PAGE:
“I am not really an art historian, so I had no interest in Warhol’s influences when he had the idea of making those cartons – if, indeed, he had any influences then. I am reasonably certain that Warhol had not read much philosophy. But I felt I saw certain philosophical structures in the pairing of an artwork with an object it resembled. In fact, philosophy is full of such examples, such as the contrast between dream and perception when the content is the same.” Thus speaks Arthur C Danto in his last book, What Art Is, published by Yale University Press in 2013 (the same year in which this extraordinary philosopher of art died). The small volume is a collection of six essays, mainly dealing with a basic and primary question of art and philosophy, a question that often becomes a common territory between the two disciplines, and a concern that haunted Danto for years as he addressed it in separate stages and in several of his books of reviews, essays and lectures.
That primary question is the debate or difference between art and life, or reality and its reproduction. Ranging from Plato’s Cave to contemporary philosophers, each thinker answered or tried to answer this in his own way, and Danto (actually a man of philosophy, who came to writing on art later) was also involved with this query, often using Andy Warhol’s work Brillo Box as an example. It is difficult to distinguish or differentiate Brillo Boxes made for supermarkets and ordinary consumers from the Brillo Boxes created by Andy Warhol, because both look identical in appearance.
Danto discusses this difference, and states it to be distance in meaning and intention, in his opening essay ‘Wakeful Dreams’. He suggests that an object is art because it embodies meaning, an idea that is found in his previous books such as Embodied Meanings, Beyond the Brillo Box and The Transfiguration of the Commonplace, but now extended it by describing art being dreams in reality.
The concept of art as a parallel reality is projected in his other writings and can be experienced in this book too, but for Danto this parallel reality is constructed through the intention and idea of its maker. Providing the example of Marcel Duchamp’s Fountain, Danto argues that the French artist fully recognized the non-mimetic potential of art; even though mimeses has been considered part or even the essence of art since the period of Ancient Greek philosophers (even though they never used the word ‘art’ in those times!). Danto quotes Duchamp’s writing on Fountain (which was signed as R. Mutt, 1917): “Whether Mr. Mutt, with his own hand made the fountain or not has no importance. He CHOSE it. He took an ordinary article of life, placed it so that its useful significance disappeared under the new title and point of view – created a new thought for that object”.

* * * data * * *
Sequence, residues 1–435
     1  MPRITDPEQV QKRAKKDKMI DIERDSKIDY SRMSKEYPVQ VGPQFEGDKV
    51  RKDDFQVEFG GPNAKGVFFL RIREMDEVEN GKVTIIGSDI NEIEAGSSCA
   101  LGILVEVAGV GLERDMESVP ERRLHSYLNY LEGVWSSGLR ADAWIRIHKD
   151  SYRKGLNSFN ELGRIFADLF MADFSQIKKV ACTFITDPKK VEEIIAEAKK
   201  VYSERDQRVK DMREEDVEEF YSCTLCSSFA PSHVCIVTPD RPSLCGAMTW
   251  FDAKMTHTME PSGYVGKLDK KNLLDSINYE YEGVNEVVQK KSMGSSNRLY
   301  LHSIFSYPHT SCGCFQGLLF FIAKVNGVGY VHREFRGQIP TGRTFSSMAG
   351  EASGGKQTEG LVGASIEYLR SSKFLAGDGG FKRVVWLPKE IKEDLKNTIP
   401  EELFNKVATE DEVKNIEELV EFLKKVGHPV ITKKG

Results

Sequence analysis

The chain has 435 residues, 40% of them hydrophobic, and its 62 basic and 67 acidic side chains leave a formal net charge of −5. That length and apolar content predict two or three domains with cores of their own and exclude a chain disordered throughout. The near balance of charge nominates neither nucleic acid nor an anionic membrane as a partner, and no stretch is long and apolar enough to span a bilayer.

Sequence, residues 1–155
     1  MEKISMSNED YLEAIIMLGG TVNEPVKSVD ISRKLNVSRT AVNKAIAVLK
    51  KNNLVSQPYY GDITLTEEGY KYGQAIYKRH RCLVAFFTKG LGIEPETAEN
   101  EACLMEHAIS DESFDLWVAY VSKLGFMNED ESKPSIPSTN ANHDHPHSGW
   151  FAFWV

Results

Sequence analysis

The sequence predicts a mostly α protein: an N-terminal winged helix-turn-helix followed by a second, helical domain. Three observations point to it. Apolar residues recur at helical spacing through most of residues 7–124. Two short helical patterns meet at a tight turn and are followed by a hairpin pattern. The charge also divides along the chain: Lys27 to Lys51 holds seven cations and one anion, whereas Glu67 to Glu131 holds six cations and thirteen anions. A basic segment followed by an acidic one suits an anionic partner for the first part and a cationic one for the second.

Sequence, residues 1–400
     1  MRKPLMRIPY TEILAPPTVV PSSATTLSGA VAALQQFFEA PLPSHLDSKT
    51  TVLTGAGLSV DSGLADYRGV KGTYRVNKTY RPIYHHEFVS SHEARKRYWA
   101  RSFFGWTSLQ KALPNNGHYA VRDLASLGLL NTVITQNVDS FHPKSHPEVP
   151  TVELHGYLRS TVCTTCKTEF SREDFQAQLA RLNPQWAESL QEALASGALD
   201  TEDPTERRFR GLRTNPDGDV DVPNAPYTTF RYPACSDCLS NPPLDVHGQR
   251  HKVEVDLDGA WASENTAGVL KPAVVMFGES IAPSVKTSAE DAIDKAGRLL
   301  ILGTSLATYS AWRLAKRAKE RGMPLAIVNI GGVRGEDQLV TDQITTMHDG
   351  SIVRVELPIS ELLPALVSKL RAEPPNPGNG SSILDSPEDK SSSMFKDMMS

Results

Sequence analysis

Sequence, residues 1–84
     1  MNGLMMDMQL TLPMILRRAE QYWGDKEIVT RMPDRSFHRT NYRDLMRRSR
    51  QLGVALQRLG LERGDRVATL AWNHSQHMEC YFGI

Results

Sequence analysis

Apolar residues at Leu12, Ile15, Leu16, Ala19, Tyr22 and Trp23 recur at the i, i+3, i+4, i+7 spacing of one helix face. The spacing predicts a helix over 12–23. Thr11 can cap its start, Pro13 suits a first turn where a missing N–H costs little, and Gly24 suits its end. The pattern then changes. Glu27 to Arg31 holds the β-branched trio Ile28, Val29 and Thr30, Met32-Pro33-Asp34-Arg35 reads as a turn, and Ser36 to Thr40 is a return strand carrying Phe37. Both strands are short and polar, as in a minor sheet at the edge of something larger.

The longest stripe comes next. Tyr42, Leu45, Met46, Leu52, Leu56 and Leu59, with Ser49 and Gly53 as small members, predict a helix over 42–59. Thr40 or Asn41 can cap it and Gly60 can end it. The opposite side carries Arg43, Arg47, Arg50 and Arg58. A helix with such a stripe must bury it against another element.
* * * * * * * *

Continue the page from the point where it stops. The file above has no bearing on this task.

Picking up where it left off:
Arthur C Danto shares intriguing information and interesting dimension into this debate that the initial (or original, if it can be called original!) urinal chosen by Duchamp as work of art and sent to the exhibition sponsored by the Society of Independent Artists, “appears to have vanished from the face of the Earth. Not even the Museum of Modern of Modern Art was able to find one for a major exhibition of Duchamp’s work.”
The urinal or Fountain led to Andy Warhol’s Brillo Box (in which it was the idea that distinguished reality and art), subsequently engaging Danto in expound ingon these philosophical issues, which are taken further in other essays, such as ‘Restoration and Meaning’, and ‘The End of the Contest: The Paragone Between Painting and Photography’. He elaborates on the theme of reality and replica, or original and its meaning through the restoration work conducted on Michelangelo’s fresco in the Sistine Chapel. For him the original can be the painted surface made by the hands of the great Renaissance artist, as well as the work, which changed its tone – and became darker – with the passage of time, because like the patina of bronze sculptures, the layers of smoke and dirt collected on the painted surface added to (the intended?) meaning of the work.
The book is full of such philosophical comments, questions and contradictions, and even though it is a thin publication (only 156 pages of the text), it leaves a reader enthralled – not only with the depth of art, but by the breadth of Danto’s grasp of these issues, and his mastery in expressing complex concepts in eloquent prose and engaging tone. Hence this last book (the title of which echoes his earlier book on philosophy, What Philosophy Is, 1968) affirms his status as one of the greatest thinkers and writers on art today.
Aamna Hussain is a Lahore-based independent curator and art writer